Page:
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The tree command lists the directory structure (or the part of it for which the current user is allowed to access) below the directory where it’s given. If the command is given in the main directory ( C:\ , D:\ etc.), it shows the dirctory structure on the disk (or more precisely the part of it which the current user is allowed to see). That was the purpose it was made for; before graphical user interfaces that was pretty much the only way to see more of the directory structure than just the directorys right under the current one. If you wouldn’t remember exactly where a certain directory you were looking for was, you would list the directories to refresh your memory with tree. That’s the intended purpose of the command.

As a side effect, the fact that a lot of the table of contents on the disk has been recently read, can speed up a computer with a mechanical harddrive. Stuff that’s been recently read from the disk is kept for a while in memory, in case it would be needed again, to minimize the workload of the potentially slow harddrive. This is called disk caching, and with a relatively modern computer with a gigabyte or few of RAM, the part of memory that’s used for caching can be large enough, and so parts of the table of contents that was read can remain in the memory for a while. While it’s in the memory, normal computer use can be somewhat faster, because it often involves reading parts of several files in a sequence, and normally the system would have to go find each file in the table of contents, and then go to actually read the file, then find the next file etc. But with disk caching, and a large part of the table of contents being cached, there’s less work for the mechanical disk, which often is the bottleneck on a modern system.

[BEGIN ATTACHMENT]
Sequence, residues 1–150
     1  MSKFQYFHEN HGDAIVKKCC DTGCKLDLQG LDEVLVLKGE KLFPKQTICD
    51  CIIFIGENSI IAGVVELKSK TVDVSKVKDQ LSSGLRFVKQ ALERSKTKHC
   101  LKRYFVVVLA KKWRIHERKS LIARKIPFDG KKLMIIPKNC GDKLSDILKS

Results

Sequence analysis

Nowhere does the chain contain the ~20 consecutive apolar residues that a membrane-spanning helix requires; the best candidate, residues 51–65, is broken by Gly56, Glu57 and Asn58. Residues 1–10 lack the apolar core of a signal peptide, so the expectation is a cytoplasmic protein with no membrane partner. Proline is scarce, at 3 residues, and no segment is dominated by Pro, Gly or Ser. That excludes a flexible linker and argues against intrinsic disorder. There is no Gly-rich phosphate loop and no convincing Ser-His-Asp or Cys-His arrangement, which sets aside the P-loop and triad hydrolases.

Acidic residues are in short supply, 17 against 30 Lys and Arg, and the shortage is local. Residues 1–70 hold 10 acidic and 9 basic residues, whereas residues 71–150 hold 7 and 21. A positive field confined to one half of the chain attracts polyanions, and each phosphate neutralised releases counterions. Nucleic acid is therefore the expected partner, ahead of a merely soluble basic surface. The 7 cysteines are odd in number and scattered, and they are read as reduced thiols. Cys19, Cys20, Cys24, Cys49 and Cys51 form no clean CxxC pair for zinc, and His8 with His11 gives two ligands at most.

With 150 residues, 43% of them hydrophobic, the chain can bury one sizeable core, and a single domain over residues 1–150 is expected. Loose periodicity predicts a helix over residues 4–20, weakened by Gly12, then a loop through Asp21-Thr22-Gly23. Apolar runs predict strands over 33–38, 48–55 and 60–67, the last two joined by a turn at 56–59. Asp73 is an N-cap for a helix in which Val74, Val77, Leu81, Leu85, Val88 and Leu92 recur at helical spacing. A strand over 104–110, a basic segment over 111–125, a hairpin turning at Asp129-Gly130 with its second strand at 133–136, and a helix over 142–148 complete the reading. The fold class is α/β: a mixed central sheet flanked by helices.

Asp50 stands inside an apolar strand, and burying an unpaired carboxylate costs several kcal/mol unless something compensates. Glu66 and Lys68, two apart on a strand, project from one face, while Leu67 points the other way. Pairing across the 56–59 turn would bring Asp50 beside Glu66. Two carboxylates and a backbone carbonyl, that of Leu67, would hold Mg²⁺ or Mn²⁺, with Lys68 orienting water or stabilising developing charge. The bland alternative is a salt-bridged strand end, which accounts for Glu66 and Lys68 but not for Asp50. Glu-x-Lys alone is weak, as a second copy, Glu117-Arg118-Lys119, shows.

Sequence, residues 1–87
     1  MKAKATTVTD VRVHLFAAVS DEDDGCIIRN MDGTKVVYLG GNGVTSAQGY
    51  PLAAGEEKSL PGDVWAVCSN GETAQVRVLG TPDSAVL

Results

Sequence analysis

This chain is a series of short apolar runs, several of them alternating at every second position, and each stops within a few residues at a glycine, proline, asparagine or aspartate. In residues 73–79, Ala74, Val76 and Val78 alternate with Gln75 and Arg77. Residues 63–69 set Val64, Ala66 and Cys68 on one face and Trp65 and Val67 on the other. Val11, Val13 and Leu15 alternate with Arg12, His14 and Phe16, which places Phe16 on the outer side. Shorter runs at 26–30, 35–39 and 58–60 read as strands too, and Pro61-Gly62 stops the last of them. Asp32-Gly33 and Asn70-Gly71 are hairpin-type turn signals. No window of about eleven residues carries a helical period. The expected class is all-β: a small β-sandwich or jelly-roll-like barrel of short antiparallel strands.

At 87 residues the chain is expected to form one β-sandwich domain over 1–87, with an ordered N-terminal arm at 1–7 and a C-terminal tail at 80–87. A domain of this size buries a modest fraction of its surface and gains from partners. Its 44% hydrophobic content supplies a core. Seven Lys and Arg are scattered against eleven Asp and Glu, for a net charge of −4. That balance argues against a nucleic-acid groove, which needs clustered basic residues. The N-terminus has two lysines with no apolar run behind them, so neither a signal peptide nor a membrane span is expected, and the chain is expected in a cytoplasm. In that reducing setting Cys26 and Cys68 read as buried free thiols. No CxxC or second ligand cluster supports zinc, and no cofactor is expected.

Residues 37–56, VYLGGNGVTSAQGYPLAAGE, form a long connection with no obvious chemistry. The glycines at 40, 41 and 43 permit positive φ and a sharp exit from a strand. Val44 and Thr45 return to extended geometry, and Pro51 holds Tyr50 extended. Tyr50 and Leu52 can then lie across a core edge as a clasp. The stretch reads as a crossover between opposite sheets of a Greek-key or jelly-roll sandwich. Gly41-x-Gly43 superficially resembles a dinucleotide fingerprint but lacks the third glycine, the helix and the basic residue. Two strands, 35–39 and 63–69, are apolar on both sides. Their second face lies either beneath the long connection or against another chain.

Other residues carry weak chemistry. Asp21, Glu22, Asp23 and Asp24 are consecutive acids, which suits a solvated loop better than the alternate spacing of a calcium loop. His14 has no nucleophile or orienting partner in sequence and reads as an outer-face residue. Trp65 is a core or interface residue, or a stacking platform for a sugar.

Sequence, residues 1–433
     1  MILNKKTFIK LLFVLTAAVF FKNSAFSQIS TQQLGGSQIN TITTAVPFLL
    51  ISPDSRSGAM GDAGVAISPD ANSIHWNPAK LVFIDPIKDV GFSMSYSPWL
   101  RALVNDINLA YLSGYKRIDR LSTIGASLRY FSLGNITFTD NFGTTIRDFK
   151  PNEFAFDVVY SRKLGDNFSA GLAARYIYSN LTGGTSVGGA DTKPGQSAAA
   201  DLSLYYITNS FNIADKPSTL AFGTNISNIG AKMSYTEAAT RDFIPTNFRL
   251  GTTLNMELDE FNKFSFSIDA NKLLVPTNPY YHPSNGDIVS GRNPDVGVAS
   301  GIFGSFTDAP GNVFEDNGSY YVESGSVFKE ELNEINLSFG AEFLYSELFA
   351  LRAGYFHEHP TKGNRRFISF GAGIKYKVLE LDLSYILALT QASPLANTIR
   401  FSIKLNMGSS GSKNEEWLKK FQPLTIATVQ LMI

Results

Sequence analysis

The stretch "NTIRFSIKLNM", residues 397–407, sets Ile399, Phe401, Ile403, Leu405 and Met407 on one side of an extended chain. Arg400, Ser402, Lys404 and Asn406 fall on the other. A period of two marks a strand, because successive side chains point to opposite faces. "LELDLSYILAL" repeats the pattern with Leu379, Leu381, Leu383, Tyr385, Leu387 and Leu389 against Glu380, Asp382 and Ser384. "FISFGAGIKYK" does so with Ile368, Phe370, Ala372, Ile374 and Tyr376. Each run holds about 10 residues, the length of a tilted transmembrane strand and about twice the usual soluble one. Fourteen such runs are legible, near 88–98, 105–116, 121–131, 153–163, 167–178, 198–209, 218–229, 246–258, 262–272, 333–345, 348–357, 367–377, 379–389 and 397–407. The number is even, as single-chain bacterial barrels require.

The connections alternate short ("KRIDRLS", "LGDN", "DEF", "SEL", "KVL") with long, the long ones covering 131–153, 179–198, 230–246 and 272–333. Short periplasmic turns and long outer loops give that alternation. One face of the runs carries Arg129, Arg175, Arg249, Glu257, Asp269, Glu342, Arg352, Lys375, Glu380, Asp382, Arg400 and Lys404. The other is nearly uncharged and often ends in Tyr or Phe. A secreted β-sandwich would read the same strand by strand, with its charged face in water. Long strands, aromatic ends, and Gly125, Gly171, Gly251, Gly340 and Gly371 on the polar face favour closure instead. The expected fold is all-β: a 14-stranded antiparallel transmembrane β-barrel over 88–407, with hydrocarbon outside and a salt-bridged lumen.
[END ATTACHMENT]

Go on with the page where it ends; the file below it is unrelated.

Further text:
© Pauli Vaara

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